Among his numerous accomplishments, Wiesel authored 57 books, written mostly in French and English, including Night, a work based on his experiences as a Jewish prisoner in the Auschwitz and Buchenwald concentration camps. He was a professor of the humanities at Boston University, which created the Elie Wiesel Center for Jewish Studies in his honor. He was involved with J ewish and human rights causes and helped establish the United States Holocaust Memorial Museum in Washington, D. C. 

The guests of honor included Rabbi Israel Mau, Chairman of the Yad Vashem Council, and Prof. Hanan Melcer, former Israel Supreme Court Justice. Ambassador Yossi Gal, Hebrew University Vice President for University Advancement and External Relations and Chaim Chesler, Founder of Limmud F.S.U., moderated the event.

"We are grateful to Yossi Gal and the Hebrew University leadership for recognizing my father's eternal connection to our ancient capital," said Wiesel's son Elisha Wiesel about the dedication. "We are also grateful to the Klarsfeld family, Aharon Frenkel, Chaim Chesler and Joel Rappel for all they have done to make this moment possible."

"My father dreamed of Jerusalem as a child," he continues. "But I don't think he ever imagined that he would walk those streets one day in a reborn State of Israel. And I don’t think he ever imagined that his story would prove to be such a lasting part of our people’s memory that his likeness would be become part of the city."

The Hebrew University of Jerusalem is Israel's leading academic and research institution. Serving some 24,000 students from 80 countries, it produces a third of Israel’s civilian research and is ranked 12th worldwide in biotechnology patent filings and commercial development. Faculty and alumni of the Hebrew University have won eight Nobel Prizes and a Fields Medal. 

American Friends of the Hebrew University (AFHU) is a national, not-for-profit organization based in the United States. AFHU is headquartered in New York and has seven regional offices working in close partnership with the Hebrew University of Jerusalem. AFHU provides supporters, Hebrew University alumni, and the public with stimulating programs and events, and organizes missions to Israel. The organization’s activities support scholarly and scientific achievement at HU, create scholarships, fund new facilities, and assist the university’s efforts to recruit outstanding new faculty.​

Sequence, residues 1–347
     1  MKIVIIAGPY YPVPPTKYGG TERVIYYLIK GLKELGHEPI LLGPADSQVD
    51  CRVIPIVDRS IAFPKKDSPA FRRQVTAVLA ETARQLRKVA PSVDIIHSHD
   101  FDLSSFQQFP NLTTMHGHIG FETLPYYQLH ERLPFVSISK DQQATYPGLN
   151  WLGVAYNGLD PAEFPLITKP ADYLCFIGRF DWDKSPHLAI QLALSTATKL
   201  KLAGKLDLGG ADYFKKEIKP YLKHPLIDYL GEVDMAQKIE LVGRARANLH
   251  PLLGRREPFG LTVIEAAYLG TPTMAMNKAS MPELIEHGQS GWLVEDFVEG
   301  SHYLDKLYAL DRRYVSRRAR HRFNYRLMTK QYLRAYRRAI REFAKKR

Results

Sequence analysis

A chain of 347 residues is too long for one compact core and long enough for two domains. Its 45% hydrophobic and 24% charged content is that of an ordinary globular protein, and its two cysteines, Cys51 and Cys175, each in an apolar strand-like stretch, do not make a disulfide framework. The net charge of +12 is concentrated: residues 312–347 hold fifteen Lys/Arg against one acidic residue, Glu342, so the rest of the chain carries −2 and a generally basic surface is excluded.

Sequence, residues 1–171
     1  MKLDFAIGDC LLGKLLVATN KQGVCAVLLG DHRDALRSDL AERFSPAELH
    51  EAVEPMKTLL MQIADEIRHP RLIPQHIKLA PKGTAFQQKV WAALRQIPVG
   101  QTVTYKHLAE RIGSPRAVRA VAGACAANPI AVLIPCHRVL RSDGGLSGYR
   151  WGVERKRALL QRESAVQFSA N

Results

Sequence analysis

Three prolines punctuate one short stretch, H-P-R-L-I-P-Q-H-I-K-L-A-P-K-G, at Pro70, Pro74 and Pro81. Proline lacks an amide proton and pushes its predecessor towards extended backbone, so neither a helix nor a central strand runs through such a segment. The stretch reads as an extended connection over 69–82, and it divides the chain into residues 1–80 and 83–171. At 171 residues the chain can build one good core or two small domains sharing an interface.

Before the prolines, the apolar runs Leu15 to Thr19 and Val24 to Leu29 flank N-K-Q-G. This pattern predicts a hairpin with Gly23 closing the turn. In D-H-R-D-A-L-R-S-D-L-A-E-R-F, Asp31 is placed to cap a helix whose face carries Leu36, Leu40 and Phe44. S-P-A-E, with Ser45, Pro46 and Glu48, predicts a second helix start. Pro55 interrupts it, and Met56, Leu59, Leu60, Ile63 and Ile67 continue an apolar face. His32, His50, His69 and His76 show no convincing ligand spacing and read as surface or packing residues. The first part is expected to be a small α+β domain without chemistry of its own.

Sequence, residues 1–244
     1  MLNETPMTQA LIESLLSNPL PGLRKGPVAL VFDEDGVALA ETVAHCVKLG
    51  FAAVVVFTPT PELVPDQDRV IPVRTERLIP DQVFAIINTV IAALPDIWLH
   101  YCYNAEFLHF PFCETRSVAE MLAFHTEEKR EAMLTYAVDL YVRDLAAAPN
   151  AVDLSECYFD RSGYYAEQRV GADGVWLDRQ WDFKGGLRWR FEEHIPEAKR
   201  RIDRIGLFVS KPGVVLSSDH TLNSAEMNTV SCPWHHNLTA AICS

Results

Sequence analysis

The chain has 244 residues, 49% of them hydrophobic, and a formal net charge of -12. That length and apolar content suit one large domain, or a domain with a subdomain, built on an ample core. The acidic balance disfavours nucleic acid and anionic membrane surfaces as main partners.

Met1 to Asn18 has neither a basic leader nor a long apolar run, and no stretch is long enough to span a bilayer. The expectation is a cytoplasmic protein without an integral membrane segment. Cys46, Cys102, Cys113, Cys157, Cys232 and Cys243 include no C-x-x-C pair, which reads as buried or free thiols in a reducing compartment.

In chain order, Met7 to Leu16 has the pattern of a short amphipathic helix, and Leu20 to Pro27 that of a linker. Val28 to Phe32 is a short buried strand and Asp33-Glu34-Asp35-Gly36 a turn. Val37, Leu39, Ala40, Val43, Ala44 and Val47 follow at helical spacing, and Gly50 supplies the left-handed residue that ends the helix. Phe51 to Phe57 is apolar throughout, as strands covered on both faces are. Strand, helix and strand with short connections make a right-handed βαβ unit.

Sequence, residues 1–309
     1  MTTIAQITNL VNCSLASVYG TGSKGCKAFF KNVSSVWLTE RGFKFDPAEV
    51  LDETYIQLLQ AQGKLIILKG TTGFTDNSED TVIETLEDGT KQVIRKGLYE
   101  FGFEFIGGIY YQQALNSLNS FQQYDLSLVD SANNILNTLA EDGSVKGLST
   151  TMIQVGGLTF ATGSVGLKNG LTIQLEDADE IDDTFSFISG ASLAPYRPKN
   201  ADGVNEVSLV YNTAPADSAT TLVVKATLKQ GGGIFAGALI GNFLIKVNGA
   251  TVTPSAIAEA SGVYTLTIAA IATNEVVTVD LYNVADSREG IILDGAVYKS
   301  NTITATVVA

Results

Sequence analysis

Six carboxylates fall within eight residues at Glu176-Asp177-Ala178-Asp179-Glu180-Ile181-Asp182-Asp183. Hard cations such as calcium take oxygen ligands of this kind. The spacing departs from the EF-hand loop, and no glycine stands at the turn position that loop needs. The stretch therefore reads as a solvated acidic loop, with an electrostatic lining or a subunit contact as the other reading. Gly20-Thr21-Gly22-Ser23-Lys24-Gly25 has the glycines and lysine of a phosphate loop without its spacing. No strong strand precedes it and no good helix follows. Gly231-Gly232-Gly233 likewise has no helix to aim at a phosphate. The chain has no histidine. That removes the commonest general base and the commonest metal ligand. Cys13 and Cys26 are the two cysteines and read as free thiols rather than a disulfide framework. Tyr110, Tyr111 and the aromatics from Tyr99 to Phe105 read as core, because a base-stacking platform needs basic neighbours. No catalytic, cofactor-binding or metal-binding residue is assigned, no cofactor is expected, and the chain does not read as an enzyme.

Actress Lizzy Savetsky, Courtesy FIDF

In a symbolic act of solidarity and courage during an increasingly worrisome time for Jews worldwide, Lizzy Savetsky, social media influencer, Zionist, former member of “The Real Housewives of NY” – and no stranger to antisemitism – aligned with Friends of the IDF (FIDF), along with some of the most recognized and respected Jewish influencers from across the globe, for a Chanukah campaign aimed at combatting antisemitism, “Live the Miracle.” The campaign celebrates the miracle that is Israel and the Jewish people who, throughout history, continue to rise in the face of terror, even when the odds are stacked against them.

Night two will feature Alexi and Loren Brovarnik, stars of the hit series “90 Day Fiancé” and the spinoff series that launched 12/18, “90 Day Fiancé: Happily Ever After?” 

The full eight-night influencer line-up is as follows:

Night 1: Lizzy Savetsky (Zionist, social media influencer and matchmaker);
Night 2: Alex and Loren Brovarnik (Stars of the hit series, “90 Day Fiancée”);
Night 3: Modi Rosenfeld (Stand-up comedian and actor);
Night 4: Tova Friedman (Holocaust survivor and TikTok sensation);
Night 5: Ashley Waxman Bakshi (Beauty, travel and fashion creator and social media influencer
Night 6: Cathy Heller (Author and podcast host)
Night 7: Kosha Dillz (Rapper);
Night 8: Noa Tishby (Israeli actress, writer and activist).

“Chanukah is the perfect representation of bringing light to the darkness! As proud Jews, we want our light to shine as bright as possible in this time of growing hate towards our people. We will not back down or shrink away,” Savetsky said.

Last night, on the eve of Chanukah, Lizzy opened her home and heart to a courageous Israel Defense Forces (IDF) soldier from across oceans and together they lit candles and shared meaningful traditions that have been practiced for centuries. IDF soldiers are among the most demonized/antagonized of Jews and this campaign is a call to action to show support for those who are responsible for the keeping the miracle of the Jewish people alive.

Savetsky’s family welcomed with open arms Sergeant Shachar, a naval combat sailor in the IDF who, weeks ago, successfully intercepted two drones sent by the Hezbollah terror organization in an attempt to damage one of Israel’s gas rigs.

“Chanukah is the perfect representation of bringing light to the darkness! As proud Jews, we want our light to shine as bright as possible in this time of growing hate towards our people. We will not back down or shrink away. Shahar’s courage and strength, and the bravery of her fellow soldiers, inspires us to keep going! Together, we can light up the world,” Savetsky said.